Fugard’s play is about two half-brothers, one light-skinned and one dark-skinned.  After leaving his home to venture into a world in which I assume he tried to pass, the light-skinned character, Martin, returns home to the tiny squalid apartment where his dark-skinned brother, Zacariah, lives.  Zacariah works at as a garbage collector and returns home at night almost unable to walk because his feet hurt him so badly.  His brother, who suffers from a version of OCD, always has the same basin of hot water laced with a package of foot balm ready.  Unable to work himself, he is a house-husband who puts food on their table, makes the beds, and keeps as much order as is possible in such a ramshackle abode.  Though Fugard makes Martin more verbal and “educated” than Zacariah, it is Zacariah who turns out to have more capacity to feel and connect than his emotionally damaged brother.  The plot thickens because Zacariah answers a listing in a dating service and is immediately “liked” by a woman who wants to come visit.  It’s obvious to us that she is white, so Martin tries to explain to his excited brother that there is no way the two of them can possibly be a couple.  In a stunning turn, Fugard has Zacariah convince Martin that he can meet the white girl since he “looks” white.  Zacariah spends money they don’t really have getting his brother a suit, white shirt, tie, new shoes, hat and even an umbrella because, as Zacariah puts it, “White people with class carry umbrellas–and it might rain.”  The moment Martin dons the clothes befitting someone who is not a black of any shading, his entire personality changes.  First it’s how he wakes–strutting rather than creeping hunched over and looking down.  Eventually, after.demeaning Zacariah verbally, Martin even yells “nigger” at him, bringing tremendous pain to the one person who loves him.  Though Fugard ends this powerful play by having the half-brothers agree to return to their original patterns, this play leaves me as a white person in the audience clear enough about what the playwright wants me to carry away from the theater.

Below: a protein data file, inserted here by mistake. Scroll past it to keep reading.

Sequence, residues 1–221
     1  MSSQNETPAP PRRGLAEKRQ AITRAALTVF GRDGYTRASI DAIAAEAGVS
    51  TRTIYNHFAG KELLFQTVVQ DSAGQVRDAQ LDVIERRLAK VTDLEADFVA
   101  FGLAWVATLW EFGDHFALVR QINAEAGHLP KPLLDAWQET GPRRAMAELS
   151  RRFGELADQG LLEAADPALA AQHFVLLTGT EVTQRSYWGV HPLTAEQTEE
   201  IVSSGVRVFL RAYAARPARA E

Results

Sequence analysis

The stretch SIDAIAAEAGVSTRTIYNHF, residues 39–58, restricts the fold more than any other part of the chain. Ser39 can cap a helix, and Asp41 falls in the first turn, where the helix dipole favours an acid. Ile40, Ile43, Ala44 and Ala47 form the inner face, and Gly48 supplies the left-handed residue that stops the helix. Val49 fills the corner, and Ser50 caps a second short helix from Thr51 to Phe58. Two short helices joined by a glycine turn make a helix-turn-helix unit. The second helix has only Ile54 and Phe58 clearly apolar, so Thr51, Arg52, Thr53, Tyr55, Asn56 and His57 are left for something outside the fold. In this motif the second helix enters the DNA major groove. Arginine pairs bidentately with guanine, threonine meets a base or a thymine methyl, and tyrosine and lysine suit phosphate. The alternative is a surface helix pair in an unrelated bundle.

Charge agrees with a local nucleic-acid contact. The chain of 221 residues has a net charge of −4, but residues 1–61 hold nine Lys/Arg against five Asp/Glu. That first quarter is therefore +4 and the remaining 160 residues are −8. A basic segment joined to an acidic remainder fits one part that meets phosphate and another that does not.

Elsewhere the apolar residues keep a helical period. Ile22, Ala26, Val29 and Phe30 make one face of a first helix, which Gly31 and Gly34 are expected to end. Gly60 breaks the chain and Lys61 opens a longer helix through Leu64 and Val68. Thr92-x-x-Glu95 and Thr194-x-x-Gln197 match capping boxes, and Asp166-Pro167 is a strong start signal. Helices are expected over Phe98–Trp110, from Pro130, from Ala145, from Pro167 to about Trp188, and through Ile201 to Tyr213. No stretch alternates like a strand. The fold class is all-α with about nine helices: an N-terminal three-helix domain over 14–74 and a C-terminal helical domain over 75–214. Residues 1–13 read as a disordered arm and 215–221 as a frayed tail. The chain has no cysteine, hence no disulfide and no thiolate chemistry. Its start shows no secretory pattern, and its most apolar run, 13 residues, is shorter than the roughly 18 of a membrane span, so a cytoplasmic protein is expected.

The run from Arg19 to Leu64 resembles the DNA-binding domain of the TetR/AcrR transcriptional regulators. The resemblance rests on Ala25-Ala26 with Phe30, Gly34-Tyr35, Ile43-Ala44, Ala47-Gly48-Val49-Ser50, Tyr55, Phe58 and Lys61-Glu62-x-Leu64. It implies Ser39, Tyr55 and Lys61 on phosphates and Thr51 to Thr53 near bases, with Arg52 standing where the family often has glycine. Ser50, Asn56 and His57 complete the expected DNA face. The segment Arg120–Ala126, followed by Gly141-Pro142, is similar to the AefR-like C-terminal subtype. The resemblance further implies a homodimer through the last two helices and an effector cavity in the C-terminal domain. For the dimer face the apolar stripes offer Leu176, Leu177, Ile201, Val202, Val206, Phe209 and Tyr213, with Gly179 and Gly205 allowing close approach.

Similarly, in her play just recently having closed to a full run in New York City, Susan-Lori Parks shows me what :”whiteness” means.  In “White Noise,” Leo, the central character opens the plays by telling us he sleeps very badly because he can’t free himself from the white noise in his head.  Though he duplicates for us the sound this s sets up, I know Parks means me to understand that we white people are the white noise plaguing people like Leo.  This play has four characters, two white and two black, two men and two women.  At the outset they are sorted into two mixed-raced heterosexual couples, though by the end no one is able to be in relationship with anyone.  Early on Leo rushes in holding a sheaf of official documents and telling his friends he has an idea of how he can rid himself of the noise keeping him from sleep–he asks his good white friend Ralph to buy and own him for 40 days.  Initially Ralph is adamant about not doing any such thing, but within minutes he has been convinced by Leo to sign the document.  They need two witnesses and, though the black woman character begins to stalk off stage reminding Leo that they have known each other since childhood, Leo tells her that very closeness is why she must help him.  The white female character who is a do-good liberal lawyer has become the third and final signatory and the pact is set up.  Ralph all-too quickly begins to enjoy ordering his old friend around doing mundane things like polishing his shoes and making lunch.  Though there are moments when they share a beer and some palaver on the sofa, Ralph keeps returning to being “master” as he thinks up new things for Leo to do.